Funnily enough, Cameron accused Miliband of being Marxist for advocating intervention regarding cost of living. Which of course allowed Miliband to ask Cameron if he himself was being Marxist now he’s intervening. So we may see what impact a u-turn has on VI… whether people like the change, or hold the u-turn against them. Maybe we’ll get a specific polling question on this aspect…

  31. Allan Christie

    […]I doubt UKIP will win over 10% at the next election. Tories are disgruntled over immigration and Europe and I think Cameron will roll out a few sweeteners before 2015

    I tend to agree, though they might just get into double figures. The interesting question is whether they will fall much from that level, because at around 10% they are causing significant damage to the Conservatives and will probably do so if they poll much above 5%.

    The South Thanet poll is both too small and too limited to give us more than hints, but the way in which those UKIP voters who will give an alternative (most don’t) say they would split evenly between Labour and Conservative if there were no UKIP candidate, is suggestive. The minority of UKIP voters who are possible Labour voters may also be less firmly attached. This is in part because UKIP are a anti-government Party and Labour aren’t in government, but UKIP people almost certainly don’t themselves as rich and will see Labour as more likely to protect them against the privileged as epitomised by Cameron.

    The current UKIP VI certainly contains 2-3 points of protest vote ex-Tories who will revert come the election – and indeed already have for a time earlier this Autumn. But after that any decline in the UKIP vote may not be of nett benefit to the Conservatives unless the UKIP vote drops by a lot. Certainly shouting “Look! Scary Ed!!” won’t cause them all to run back into the blue fold come May 2015 as many seem still to believe.

    As to Cameron’s ‘sweeteners’, I don’t think they will work. In part this is because he has less control over immigration or the relationship with Europe than he would like – as today’s migration figures show. It’s also because in truth he and those around him don’t really believe in it – they’re the people who benefit from immigration and membership of the EU. So attempts to restrict them come across as insincere and liable to contradiction. But also UKIP voters tend to be impossibilists and there is probably little that he could deliver that they would see as satisfactory or enough.

  32. Charles “And I also suspect that in certain occupations (e.g. cleaning in central london) immigrants may drive down wages.”

    It doesn’t seem too long ago that such downward pressure on wages was often or generally perceived as good for the economy as it helped prevent ‘overheating’ – to use technical parlance.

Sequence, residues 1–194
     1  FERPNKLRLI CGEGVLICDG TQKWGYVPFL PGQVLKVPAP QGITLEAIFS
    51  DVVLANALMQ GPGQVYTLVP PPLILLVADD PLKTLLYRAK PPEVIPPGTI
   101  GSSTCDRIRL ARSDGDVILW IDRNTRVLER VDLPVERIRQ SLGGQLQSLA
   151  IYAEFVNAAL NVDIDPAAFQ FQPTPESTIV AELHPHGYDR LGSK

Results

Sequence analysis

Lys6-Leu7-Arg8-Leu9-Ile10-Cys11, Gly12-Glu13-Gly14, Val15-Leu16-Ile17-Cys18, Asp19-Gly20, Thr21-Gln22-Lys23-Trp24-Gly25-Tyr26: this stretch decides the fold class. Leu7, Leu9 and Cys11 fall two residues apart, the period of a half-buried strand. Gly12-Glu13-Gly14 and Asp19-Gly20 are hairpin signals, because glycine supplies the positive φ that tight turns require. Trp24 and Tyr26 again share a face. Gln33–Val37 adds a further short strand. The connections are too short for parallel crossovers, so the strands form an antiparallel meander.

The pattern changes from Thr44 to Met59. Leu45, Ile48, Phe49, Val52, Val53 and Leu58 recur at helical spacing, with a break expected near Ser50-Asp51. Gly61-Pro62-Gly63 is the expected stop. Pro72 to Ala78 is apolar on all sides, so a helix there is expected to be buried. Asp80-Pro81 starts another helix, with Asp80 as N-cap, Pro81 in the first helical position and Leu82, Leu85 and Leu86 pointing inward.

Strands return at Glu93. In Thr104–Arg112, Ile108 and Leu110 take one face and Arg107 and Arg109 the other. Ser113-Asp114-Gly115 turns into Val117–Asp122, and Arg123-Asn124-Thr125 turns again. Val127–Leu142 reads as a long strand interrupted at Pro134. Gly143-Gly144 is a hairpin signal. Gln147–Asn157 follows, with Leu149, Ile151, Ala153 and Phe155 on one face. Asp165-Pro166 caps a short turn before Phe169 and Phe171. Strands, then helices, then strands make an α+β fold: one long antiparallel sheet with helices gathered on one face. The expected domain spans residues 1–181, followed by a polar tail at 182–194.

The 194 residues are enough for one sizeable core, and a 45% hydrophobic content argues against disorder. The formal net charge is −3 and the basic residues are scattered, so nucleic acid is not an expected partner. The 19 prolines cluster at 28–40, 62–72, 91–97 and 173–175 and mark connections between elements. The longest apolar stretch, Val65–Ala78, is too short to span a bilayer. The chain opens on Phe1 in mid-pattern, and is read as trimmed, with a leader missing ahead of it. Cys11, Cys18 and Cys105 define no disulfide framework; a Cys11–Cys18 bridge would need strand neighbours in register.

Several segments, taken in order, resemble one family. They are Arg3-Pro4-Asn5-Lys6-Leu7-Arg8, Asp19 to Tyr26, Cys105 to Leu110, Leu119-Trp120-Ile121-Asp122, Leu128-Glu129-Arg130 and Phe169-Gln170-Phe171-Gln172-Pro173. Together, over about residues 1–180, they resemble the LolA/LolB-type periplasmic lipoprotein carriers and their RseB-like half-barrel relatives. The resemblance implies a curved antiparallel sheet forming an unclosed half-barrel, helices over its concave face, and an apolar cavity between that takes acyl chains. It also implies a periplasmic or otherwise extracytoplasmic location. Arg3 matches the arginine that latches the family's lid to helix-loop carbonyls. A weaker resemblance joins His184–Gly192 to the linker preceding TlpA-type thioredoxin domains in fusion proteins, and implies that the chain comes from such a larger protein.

I have always argued on UKPR that banging on about immigration was a double-edged sword for the Cons and that DC’s promise to reduce the net immigration to tens of thousands would hang round his neck as a deadweight.

    UK net migration has increased according to the ONS.

  33. HAL

    I think you may have missed the point about the EMS.

    We agree that Scotland as part of the Sterling zone could not join the EMS unless the other member(s) did too.

    However, since there is no intention of applying for EMS membership, and EMS membership is a purely voluntary decision for member states, the issue simply doesn’t arise.

    Membership of the eurozone isn’t an “opt-out” procedure. It’s an “opt-in” (if you meet the criteria) one.

  34. HAL

    I think you may have missed the point about the EMS.

    We agree that Scotland as part of the Sterling zone could not join the EMS unless the other member(s) did too.

    However, since there is no intention of app-ly-ing for EMS membership, and EMS membership is a purely voluntary decision for member states, the issue simply doesn’t arise.

    Membership of the eurozone isn’t an “opt-out” procedure. It’s an “opt-in” (if you meet the criteria) one.

  35. Carfrew – couldn’t have put it better myself :)

  36. @john Pilgrim (2.15 and 6.22am)

    On the EU Commission’s ability to give an opinion on independence or not, I’m no expert, so I really don’t know what the procedure is. @Oldnat clearly thinks there is some formal process by which a member state asks them for a determination on such matters, and he may well be correct. What confuses me, is the commission has already stated very clearly what their position is, more than once, so I’m unsure why @oldnat and other nats don’t seem to think the commission’s view is settled.

    You seem to be correct though in that the decision rests with the council of ministers, which means there is no certainty in automatic accession, especially if rUK doesn’t support it.